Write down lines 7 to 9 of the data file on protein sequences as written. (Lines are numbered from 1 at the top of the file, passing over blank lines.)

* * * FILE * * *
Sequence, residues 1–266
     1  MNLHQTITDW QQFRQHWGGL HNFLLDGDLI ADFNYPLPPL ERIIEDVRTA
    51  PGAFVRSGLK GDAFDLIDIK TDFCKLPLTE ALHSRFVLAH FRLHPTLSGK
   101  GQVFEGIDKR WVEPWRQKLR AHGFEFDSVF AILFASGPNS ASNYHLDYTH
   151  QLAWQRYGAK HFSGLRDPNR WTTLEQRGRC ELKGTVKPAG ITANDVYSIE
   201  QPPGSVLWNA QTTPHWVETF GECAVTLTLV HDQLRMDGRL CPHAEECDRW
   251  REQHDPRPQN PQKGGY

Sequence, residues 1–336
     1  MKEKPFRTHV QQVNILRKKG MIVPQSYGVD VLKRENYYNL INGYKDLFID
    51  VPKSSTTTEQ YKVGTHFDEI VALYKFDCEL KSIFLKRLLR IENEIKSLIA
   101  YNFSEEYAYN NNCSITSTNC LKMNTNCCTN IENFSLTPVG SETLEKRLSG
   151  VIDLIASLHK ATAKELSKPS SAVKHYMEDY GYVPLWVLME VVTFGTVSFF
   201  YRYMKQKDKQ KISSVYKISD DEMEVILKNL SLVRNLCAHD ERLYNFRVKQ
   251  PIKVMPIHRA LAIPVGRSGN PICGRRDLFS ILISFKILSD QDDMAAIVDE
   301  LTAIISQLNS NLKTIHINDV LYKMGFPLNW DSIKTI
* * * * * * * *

   251  REQHDPRPQN PQKGGY

Sequence, residues 1–336
     1  MKEKPFRTHV QQVNILRKKG MIVPQSYGVD VLKRENYYNL INGYKDLFID